Goldschmidt: Beatrice Cenci; Four Songs

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COMPOSERS: Goldschmidt
WORKS: Beatrice Cenci; Four Songs
PERFORMER: Iris Vermillion (soprano)Berthold Goldschmidt (piano)
This new Sony release proves a worthy successor to Decca’s acclaimed recording of Goldschmidt’s first opera, Die gewaltige Hahnrei. Beatrice Cenci, based on Shelley’s drama about the gruesome end of the Cenci family in 16th-century Rome, provides ample material for Goldschmidt’s gifts, and the English text is idiomatically set; musically, it has a style of its own, but most often brings to mind Busoni. The dramatic weight is placed on Count Cenci’s parricidal daughter and wife’s plight, condemned to a death that Cenci himself was able to buy his way out of time and again for his own crimes.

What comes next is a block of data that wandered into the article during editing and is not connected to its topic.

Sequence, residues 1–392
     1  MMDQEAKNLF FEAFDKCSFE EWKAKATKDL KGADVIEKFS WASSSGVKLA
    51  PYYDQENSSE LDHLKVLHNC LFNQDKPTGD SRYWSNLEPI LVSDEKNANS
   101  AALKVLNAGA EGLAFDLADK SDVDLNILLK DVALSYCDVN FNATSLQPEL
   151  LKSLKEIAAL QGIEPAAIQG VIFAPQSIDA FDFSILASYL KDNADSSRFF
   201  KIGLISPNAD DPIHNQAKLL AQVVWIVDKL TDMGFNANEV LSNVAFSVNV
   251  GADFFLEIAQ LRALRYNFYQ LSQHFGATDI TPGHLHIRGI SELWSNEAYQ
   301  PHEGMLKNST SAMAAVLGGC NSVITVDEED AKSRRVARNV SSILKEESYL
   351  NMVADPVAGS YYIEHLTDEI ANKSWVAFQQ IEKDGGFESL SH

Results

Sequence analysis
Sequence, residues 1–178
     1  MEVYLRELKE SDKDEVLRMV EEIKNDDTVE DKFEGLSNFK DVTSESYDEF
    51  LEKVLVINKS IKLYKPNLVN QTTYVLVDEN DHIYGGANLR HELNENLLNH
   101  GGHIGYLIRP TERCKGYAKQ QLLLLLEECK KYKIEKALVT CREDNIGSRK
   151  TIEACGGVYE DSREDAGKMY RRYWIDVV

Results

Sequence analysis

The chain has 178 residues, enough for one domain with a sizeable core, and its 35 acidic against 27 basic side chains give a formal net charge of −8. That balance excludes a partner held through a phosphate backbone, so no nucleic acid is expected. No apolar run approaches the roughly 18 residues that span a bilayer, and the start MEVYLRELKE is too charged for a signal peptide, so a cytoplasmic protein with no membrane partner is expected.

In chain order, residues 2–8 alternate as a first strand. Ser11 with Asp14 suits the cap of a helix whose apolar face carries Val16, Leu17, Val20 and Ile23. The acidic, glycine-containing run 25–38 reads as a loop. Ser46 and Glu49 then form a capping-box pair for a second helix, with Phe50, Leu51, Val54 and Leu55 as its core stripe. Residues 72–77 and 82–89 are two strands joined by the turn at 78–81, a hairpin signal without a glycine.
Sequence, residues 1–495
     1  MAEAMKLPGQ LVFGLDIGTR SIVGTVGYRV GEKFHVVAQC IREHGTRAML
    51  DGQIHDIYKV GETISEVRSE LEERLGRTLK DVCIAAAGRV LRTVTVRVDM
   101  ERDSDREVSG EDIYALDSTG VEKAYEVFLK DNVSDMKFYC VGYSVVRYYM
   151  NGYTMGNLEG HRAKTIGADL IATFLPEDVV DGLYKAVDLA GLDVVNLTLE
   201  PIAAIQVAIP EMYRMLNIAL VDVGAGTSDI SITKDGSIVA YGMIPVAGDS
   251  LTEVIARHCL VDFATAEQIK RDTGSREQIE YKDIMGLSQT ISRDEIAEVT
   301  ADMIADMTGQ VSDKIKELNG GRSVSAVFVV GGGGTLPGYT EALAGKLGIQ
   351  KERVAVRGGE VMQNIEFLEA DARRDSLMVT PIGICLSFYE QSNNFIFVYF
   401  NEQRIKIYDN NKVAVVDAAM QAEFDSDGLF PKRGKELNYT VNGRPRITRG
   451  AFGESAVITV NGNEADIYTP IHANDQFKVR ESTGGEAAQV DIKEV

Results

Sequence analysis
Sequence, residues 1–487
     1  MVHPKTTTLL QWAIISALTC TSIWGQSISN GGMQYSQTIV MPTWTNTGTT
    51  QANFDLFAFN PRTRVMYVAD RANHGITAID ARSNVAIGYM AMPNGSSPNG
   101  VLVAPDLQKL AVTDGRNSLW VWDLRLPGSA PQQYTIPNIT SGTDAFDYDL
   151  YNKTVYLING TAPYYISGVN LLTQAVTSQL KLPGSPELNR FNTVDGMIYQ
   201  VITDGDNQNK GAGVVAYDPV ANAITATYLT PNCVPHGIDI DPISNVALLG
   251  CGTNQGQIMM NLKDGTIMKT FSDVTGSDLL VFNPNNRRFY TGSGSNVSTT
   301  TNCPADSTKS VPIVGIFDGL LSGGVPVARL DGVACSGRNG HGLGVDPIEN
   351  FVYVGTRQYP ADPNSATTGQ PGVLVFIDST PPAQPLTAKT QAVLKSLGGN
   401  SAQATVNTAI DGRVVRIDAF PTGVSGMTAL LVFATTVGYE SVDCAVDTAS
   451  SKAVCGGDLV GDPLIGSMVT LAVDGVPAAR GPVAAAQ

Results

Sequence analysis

The cast is a strong one, dominated by the burnished tone of Roberta Alexander in the title role of the abused daughter. Della Jones as her stepmother Lucrezia is equally fine and there are excellent contributions from Fiona Kimm as her young brother Bernardo and Peter Rose as Cardinal Camillo; there is also a beautifully sung cameo from Ian Bostridge as a court singer. The only disappointment is Simon Estes as the Count. His monotonous, congested tone and intermittent American accent undermine his supposedly menacing character.


Lothar Zagrosek, an experienced hand in reviving mid-century operas, brings out all the voluptuousness of the orchestral writing. Finally, Iris Vermillion and the composer himself provide a captivating filler in four of his songs. Matthew Rye